For the most part, when we buy clothing and accessories, we don't really think about the impact they might have on someone else. If we step into a store and see a cute bracelet or a pair of jeans on the clearance rack, we just buy them without a second thought. That's totally normal! But, considering where the money from your fashion and accessory purchases is going and where those items are being made is definitely something worth considering in the future, if only for a portion of your purchases.
The fashion industry is a huge one and a lot of products aren't made in the best working conditions and the profits from them aren't always going to the best places. But, there are some companies that put a conscious effort into sourcing the materials for their jewelry from a more eco-friendly place, paying the people who make their jewelry more, and generally making the profits from their jewelry make a difference. Some brands base their entire line of jewelry around that while others make special edition pieces that give back to a charity for a limited time and either way, we love it.
Looking for some jewelry that looks good while giving back? Keep reading to find 25 pieces of jewelry that give back to a very special cause while still looking cute!
25 Ten Thousand Villages
The jewelry brand Ten Thousand Villages was founded in 1946 and is one of the oldest fair trade organizations in the world as well as one of the founding members of the International Fair Trade Association.
The brand is a nonprofit organization that sells handcrafted jewelry and home goods such as toys, sculptures, and other items made by artisans from over 35 countries.
Ten Thousand Villages helps to provide disadvantaged artisans in these countries with a fair payment for their goods, ensure they work in safe conditions that prohibit child labor and work to have lasting partnerships with these artisans to keep them employed long term.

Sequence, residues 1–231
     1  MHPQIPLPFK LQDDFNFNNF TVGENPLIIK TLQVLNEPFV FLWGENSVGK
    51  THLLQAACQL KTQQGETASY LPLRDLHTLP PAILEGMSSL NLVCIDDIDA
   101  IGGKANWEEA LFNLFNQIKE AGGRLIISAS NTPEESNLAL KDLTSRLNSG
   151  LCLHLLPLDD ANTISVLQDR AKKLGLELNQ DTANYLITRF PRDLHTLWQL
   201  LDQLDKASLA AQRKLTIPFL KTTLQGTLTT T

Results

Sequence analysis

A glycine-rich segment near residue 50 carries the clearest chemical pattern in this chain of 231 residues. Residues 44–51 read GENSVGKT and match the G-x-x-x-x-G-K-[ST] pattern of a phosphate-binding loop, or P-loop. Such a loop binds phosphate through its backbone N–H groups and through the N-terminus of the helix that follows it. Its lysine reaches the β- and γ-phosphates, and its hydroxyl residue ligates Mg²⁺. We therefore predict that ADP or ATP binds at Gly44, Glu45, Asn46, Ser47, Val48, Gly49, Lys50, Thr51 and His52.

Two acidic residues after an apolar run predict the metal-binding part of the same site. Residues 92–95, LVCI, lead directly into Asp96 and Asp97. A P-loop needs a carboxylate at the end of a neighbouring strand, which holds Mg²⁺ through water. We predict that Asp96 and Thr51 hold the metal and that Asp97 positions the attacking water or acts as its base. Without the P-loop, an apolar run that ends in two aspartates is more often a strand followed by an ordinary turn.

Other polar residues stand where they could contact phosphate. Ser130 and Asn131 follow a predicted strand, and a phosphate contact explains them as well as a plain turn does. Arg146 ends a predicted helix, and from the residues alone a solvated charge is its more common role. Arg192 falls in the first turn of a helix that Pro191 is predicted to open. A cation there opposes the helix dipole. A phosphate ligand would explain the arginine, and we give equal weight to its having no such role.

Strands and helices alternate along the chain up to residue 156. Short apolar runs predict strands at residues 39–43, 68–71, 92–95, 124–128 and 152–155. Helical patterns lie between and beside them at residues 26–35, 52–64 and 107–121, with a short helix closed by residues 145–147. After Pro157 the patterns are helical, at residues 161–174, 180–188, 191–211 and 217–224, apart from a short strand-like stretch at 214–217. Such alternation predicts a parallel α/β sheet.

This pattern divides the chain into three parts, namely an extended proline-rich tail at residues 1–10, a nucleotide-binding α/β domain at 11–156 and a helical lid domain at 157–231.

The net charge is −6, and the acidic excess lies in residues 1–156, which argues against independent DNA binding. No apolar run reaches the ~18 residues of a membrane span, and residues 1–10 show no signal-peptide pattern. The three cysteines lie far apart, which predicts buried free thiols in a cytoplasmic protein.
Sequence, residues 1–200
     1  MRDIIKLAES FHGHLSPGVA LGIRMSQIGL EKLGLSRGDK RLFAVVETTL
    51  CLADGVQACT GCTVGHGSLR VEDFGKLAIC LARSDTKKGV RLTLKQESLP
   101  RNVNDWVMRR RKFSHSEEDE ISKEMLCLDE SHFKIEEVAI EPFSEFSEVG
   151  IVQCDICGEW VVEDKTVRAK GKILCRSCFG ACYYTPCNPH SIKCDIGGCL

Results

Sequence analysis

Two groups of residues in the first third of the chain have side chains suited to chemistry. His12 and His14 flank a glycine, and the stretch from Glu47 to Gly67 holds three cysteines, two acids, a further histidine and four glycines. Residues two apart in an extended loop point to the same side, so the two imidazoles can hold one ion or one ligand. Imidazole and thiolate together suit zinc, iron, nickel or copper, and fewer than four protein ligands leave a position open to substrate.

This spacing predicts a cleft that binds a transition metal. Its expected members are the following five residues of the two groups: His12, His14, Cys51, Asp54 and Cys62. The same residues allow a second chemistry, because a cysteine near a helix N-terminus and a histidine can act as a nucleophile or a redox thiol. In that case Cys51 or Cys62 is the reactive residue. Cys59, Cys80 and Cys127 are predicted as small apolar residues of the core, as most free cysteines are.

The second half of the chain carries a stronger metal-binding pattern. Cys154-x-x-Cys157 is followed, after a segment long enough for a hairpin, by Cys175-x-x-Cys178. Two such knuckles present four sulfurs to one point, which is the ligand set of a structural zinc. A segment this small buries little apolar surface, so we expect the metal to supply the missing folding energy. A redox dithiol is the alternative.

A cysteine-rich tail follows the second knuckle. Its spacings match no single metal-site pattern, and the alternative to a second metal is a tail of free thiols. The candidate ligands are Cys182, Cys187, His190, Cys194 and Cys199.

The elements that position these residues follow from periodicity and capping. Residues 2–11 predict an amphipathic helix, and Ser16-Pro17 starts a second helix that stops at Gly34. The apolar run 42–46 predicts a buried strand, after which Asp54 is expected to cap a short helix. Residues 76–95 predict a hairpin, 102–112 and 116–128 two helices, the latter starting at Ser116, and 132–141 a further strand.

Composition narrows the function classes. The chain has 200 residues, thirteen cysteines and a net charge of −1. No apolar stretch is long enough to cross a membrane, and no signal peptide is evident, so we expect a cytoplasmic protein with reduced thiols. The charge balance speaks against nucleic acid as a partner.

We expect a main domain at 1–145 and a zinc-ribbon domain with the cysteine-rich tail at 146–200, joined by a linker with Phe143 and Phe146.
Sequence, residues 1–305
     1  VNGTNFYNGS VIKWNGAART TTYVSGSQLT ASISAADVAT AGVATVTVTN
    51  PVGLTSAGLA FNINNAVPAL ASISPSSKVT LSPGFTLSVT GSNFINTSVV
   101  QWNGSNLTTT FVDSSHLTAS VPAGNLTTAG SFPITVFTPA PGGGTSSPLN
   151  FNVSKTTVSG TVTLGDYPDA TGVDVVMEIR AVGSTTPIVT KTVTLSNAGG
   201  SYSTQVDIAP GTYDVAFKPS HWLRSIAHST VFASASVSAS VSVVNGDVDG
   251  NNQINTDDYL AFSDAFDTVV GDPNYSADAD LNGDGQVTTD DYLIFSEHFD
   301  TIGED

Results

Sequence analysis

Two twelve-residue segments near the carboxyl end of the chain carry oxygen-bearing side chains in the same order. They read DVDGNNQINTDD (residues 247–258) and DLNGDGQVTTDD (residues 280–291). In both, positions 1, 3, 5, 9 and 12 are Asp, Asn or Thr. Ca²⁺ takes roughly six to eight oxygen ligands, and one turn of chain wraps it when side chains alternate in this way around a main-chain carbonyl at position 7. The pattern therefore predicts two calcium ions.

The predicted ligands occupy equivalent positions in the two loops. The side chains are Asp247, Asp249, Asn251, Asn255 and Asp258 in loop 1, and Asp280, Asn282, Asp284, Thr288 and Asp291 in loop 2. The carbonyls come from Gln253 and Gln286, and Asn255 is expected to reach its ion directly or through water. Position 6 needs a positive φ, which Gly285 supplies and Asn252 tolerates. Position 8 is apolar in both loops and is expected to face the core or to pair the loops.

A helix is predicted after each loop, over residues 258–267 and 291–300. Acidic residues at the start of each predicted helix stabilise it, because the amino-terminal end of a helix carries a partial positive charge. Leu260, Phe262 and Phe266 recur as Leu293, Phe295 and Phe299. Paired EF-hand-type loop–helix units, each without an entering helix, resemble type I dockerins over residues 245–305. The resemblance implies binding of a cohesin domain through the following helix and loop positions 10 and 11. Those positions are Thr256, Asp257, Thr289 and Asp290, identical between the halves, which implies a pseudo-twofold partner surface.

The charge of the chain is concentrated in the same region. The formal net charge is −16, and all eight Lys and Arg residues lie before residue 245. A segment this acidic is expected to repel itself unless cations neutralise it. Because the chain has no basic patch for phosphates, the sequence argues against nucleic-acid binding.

24 Mata Traders
Mata Traders is a brand that sells both clothing and jewelry. Their items are made by women from India and Nepal. As a fair trade organization, Mata Traders is dedicated to not using any young workers in the process of creating their jewelry and clothing.
Mata Traders is also dedicated to empowering the women who work for them and have a lot of benefits for their workers. These benefits include maternity leave, healthcare, and daycare. Along with these, Mata Traders is able to help women provide a home and education for their children that will stop them from needing to go to work at a young age to support their family.
23 Raven + Lily
Raven + Lily is a jewelry brand that is dedicated to empowering women and has employed over 1,500 women from 10 different countries around the world.
These women make their jewelry by hand and, in exchange, are provided with a fair living wage that they can then reinvest back into themselves and their families.
The women they employ are in at-risk situations such as being previously homeless, victims of human trafficking, HIV+, or living in an oppressive situation that would otherwise stop them from supporting themselves.
Raven + Lily uses eco-friendly methods for crafting their jewelry and works with their artisans to create products that reflect the culture from which the artisan came to make them unique on top of giving back.
22 Starfish Project
Starfish Project is a jewelry brand that helps to give a new life to women who have been victims of human trafficking in Asia. Each piece of jewelry gives back to these women and the Starfish Project's Holistic Care Programs which help the company to provide benefits to the people working for them. These benefits include training to help them learn the skills needed to make the jewelry or other skills within the company like computer and photography skills, counseling, shelter, and education grants for the women and their children.